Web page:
Treats breast cancer.
There may be other brand names for this medicine.
When This Medicine Should Not Be Used:
You should not use this medicine if you have had an allergic reaction to trastuzumab.
How to Use This Medicine:
- This medicine, like all medicines used to treat cancer, is very strong. Make sure you understand why you are getting it and what the risks and benefits of treatment are. It is important for you to work closely with your doctor.
- You will receive this medicine while you are in a hospital or chemotherapy treatment center.
- Your medicine will be given directly into a vein, usually in your arm or chest. This is called intravenous (in-tra-VEEN-ous), or IV infusion.
- Trastuzumab must be given slowly, so the IV must remain in place for approximately 90 minutes.
- You will be watched closely for unwanted side effects while you are receiving this medicine.
If a dose is missed:
- Call your doctor for instructions.
Drugs and Foods to Avoid:
Ask your doctor or pharmacist before using any other medicine, including over-the-counter medicines, vitamins, and herbal products.
- Make sure your doctor knows what chemotherapy medicines you have already received.
- Before receiving this medicine, tell your doctor if you have ever had a reaction to benzyl alcohol or murine proteins. Murine proteins are used in some medicines for hemophilia, organ or bone marrow transplants, serious blood infections, or to find or treat certain cancers.
Warnings While Using This Medicine:
- If you are pregnant, talk to your doctor before taking this medicine.
- Do not breastfeed during treatment with trastuzumab, or for 6 months after your last treatment.
- Make sure your doctor knows if you have ever had heart disease.
- Tell your doctor if you have had radiation therapy to the chest.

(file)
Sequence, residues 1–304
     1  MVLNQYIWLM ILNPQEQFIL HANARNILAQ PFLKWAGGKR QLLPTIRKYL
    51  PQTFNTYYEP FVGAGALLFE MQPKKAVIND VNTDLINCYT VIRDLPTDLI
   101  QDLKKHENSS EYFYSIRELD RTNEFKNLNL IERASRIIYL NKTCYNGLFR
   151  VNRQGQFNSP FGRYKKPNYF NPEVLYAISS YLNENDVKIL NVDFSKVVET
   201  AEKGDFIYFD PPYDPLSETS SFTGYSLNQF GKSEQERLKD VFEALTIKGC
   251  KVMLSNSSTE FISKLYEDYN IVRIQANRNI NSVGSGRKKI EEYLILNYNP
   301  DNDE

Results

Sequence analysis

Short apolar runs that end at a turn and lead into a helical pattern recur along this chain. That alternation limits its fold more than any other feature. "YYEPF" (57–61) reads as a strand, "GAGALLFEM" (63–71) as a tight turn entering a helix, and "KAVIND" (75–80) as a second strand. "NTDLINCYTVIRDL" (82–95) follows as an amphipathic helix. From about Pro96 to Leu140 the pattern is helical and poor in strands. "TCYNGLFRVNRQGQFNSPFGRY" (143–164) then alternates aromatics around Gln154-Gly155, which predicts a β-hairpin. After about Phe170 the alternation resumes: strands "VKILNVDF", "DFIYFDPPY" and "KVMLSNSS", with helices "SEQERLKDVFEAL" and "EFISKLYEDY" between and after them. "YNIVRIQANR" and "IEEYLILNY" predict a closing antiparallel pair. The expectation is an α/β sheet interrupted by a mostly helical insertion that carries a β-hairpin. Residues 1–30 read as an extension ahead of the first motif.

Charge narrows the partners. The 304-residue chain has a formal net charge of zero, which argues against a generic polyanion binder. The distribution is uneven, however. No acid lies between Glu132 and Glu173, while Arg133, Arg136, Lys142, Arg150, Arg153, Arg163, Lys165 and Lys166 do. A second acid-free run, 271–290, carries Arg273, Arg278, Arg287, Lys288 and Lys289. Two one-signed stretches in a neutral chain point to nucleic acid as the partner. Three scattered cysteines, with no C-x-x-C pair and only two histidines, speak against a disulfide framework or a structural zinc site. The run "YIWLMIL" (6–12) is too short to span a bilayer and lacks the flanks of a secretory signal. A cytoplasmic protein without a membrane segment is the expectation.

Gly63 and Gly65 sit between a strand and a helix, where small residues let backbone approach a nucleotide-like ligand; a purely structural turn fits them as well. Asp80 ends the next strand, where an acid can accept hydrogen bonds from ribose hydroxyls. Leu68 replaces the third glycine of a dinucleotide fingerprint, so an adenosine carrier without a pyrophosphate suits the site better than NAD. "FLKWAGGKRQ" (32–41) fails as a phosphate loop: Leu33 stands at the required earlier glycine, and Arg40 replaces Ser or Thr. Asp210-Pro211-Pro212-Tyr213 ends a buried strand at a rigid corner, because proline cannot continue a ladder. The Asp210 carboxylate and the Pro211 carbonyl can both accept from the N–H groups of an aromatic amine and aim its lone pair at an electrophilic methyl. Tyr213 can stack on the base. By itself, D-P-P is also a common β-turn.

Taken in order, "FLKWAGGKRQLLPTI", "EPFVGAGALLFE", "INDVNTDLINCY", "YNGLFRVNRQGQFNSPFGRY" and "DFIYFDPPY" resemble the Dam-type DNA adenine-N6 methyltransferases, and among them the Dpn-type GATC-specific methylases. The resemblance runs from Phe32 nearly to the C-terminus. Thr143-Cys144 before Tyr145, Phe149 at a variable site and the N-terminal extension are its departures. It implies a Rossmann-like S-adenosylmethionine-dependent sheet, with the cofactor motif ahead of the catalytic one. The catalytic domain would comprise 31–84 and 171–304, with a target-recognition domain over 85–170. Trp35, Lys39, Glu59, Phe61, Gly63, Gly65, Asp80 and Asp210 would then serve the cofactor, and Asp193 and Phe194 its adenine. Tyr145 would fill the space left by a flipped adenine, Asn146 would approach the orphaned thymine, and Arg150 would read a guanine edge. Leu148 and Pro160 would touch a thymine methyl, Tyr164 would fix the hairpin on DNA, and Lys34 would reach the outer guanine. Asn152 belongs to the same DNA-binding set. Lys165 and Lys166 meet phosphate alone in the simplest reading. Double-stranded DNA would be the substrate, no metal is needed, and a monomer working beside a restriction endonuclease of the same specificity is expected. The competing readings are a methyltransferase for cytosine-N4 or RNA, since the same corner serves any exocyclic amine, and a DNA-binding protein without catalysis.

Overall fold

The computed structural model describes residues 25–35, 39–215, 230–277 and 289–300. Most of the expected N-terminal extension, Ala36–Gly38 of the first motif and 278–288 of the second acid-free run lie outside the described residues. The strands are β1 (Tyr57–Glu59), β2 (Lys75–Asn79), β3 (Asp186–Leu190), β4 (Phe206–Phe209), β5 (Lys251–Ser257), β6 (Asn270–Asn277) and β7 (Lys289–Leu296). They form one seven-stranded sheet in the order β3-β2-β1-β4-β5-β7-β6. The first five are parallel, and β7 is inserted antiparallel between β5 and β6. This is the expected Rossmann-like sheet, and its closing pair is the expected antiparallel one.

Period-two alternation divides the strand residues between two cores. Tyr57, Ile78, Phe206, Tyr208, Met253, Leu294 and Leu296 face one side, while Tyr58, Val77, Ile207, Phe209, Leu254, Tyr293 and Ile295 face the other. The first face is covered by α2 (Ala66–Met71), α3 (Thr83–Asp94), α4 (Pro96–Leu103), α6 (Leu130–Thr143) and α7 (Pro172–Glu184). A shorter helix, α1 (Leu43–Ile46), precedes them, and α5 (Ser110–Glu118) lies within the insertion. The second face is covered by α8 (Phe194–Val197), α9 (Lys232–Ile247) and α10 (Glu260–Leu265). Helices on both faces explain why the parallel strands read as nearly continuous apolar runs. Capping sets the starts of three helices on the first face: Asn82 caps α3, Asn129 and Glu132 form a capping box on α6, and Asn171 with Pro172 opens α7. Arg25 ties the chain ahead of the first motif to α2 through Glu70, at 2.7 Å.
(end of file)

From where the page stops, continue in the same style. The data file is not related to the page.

- Your doctor may test your heart before you start receiving trastuzumab and while you are getting treatments with this medicine.
Possible Side Effects While Using This Medicine:
Call your doctor right away if you notice any of these side effects:
- Fast or irregular heartbeat
- Feeling short of breath, or trouble breathing
- Fever or chills
- Increased cough
- Nausea or vomiting
- Severe diarrhea
If you notice these less serious side effects, talk with your doctor:
- Mild diarrhea
- Skin rash
- Sore throat
- Stomach pain, back pain, or other pain
- Trouble sleeping
Revision date: June 21, 2011
Last revised: by Janet A. Staessen, MD, PhD
Drugs & Medications
CONDITIONS OF USE: The information in this database is intended to supplement, not substitute for, the expertise and judgment of healthcare professionals. The information is not intended to cover all possible uses, directions, precautions, drug interactions or adverse effects, nor should it be construed to indicate that use of a particular drug is safe, appropriate or effective for you or anyone else. A healthcare professional should be consulted before taking any drug, changing any diet or commencing or discontinuing any course of treatment.
The drug reference included in this section is provided by Cerner Multum, Inc., of Denver, Colorado. Armenian Medical Network receives monthly updates from Multum.